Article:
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What Inflammation Is and What To Do About It
By Nadya Alibhai, DO, MPH
Inflammation has become a buzzword in recent years, but it’s certainly nothing new to the medical field.
It is an overarching term to describe your body’s immune system fighting off toxins that have been introduced to your body but aren’t meant to be there.
The the body spends a lot of energy trying to keep the toxins at bay.
To fight off these invaders, the immune system dispatches inflammatory white blood cells and cytokines (which produce more inflammatory cells). These cells work to protect the affected areas from further harm and begin the process of healing. The result of this response is pain, swelling, bruising, and/or redness, otherwise known as inflammation.
Without the inflammatory response, injuries wouldn’t heal, and infections would worsen to the point of being potentially fatal. For instance, when you cut yourself, inflammatory cells rush to the location of the injury to start the healing process, which is why the area may turn red and start swelling. Without the inflammatory response, the cut would likely become infected, which can lead to complications, including sepsis, an infection of the blood stream.
Types of Inflammation
The type of inflammation described above is called “acute inflammation.” Signs of acute inflammation in the case of an injury are pain or tenderness, flushed or red skin, swelling, and/or a sensation of warmth at the injury site.
Acute inflammation can also occur when the body is fighting off a virus, such as the flu or pneumonia. In this case, the inflammatory response is much the same, but we can’t see it happening because it’s internal. The symptoms we experience during an illness, including sore throat, fever, chills, and fatigue, can be indicative of the inflammatory response.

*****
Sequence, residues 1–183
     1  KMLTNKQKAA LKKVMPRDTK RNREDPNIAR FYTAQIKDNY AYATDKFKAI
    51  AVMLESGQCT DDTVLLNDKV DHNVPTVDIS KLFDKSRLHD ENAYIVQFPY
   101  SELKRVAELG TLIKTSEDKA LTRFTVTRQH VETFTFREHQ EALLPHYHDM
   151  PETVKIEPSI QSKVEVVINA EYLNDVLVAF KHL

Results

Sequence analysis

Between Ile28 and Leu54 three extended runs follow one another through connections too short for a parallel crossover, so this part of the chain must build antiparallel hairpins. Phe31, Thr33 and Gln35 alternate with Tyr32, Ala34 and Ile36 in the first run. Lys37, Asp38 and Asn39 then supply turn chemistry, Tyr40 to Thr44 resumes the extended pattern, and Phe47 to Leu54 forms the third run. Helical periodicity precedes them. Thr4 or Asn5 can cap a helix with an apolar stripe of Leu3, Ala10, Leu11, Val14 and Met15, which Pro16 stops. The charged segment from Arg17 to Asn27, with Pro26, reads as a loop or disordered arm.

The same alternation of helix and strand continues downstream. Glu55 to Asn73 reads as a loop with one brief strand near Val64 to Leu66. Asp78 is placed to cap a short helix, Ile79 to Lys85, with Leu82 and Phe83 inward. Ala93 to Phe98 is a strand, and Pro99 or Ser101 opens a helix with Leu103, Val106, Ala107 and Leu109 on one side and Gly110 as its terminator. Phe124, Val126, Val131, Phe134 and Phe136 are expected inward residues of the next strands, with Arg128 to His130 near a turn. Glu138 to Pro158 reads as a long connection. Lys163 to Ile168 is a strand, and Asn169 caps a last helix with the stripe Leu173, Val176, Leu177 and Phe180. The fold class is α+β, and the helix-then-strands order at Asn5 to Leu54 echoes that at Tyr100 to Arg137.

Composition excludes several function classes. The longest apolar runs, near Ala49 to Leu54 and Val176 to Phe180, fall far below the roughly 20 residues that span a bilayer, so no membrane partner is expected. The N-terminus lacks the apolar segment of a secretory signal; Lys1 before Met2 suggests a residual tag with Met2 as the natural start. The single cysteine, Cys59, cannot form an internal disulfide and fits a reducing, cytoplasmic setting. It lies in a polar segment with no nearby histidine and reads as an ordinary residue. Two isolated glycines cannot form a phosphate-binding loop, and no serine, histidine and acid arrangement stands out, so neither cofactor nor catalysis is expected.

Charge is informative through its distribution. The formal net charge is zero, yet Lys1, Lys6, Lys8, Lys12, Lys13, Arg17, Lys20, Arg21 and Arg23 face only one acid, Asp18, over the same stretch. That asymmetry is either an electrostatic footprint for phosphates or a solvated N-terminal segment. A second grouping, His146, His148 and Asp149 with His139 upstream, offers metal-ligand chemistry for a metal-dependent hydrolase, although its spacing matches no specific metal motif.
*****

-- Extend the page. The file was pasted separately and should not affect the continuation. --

Since acute inflammation helps fight off infection, protect, and heal, it’s both beneficial and temporary.
Chronic inflammation, on the other hand, is a constant or repetitive inflammatory response. In other words, the immune system continually churns out white blood cells and is unable to turn off the inflammatory response. This is because the body believes it’s under constant attack.
When the inflammatory response becomes chronic, it’s no longer beneficial and is harmful.
Signs of Chronic Inflammation
Although the following signs of inflammation could be attributed to other conditions, if you experience them frequently you may want to consult your physician since chronic inflammation could be a warning sign that something serious is going on.
- Fatigue and/or insomnia
- Muscle aches and joint pain
- Constipation, diarrhea, and acid reflux
- Increased belly fat
- Frequent illness or infection
- Depression and anxiety
What Causes Chronic Inflammation?
While chronic inflammation is associated with certain serious conditions, such as rheumatoid arthritis, Type 2 diabetes, and cancer, it’s currently unclear if the inflammation is caused by the condition or if inflammation plays a part in the development of the condition.
What is known, however, is that the following factors do contribute to chronic inflammation:
- Having an autoimmune disorder, such as lupus, that causes the body to attack healthy tissue
- Being regularly exposed to toxins, such as pollution, industrial chemicals, and even preservatives in food
- Not being properly treated for acute inflammation from an infection or injury
- Consuming excess amounts of alcohol
- Smoking or using tobacco
- Experiencing chronic stress
- Not getting enough quality sleep
- Having a high body mass index (BMI) due to obesity
- Eating a diet high in sugar and fats and low in fiber
- Being sedentary and not getting enough exercise
If you regularly eat processed foods that contain preservatives and chemicals, these toxins can cause normally healthy cells to perforate or die. When one of our cells dies, our immune system naturally goes into fight mode in which it fights off the toxins that enter our cells. Ultra-processed foods can also alter gut bacteria, which can trigger an inflammatory response in the immune system.
How To Reduce Chronic Inflammation
While you may not be able to do much about an autoimmune disorder or pollution, you can make lifestyle changes that, over time, may help reduce inflammation.
- Cut ultra-processed foods from your diet and opt instead for anti-inflammatory foods, such as fruits, vegetables, nuts, and fish.
- Fit at least 20 minutes of low-intensity exercise, such as walking, into your day.
- Get at least seven hours of quality sleep per night.
- Lose weight, especially if you’re carrying excess belly fat.
- Stop smoking and all tobacco use.
- Limit or eliminate your intake of alcoholic beverages.
- Do what you can to alleviate chronic stress.
While there are no tests to measure chronic inflammation, if you suspect you may be experiencing it, your doctor can suggest lifestyle changes and other measures to not only reduce inflammation but also treat the underlying cause.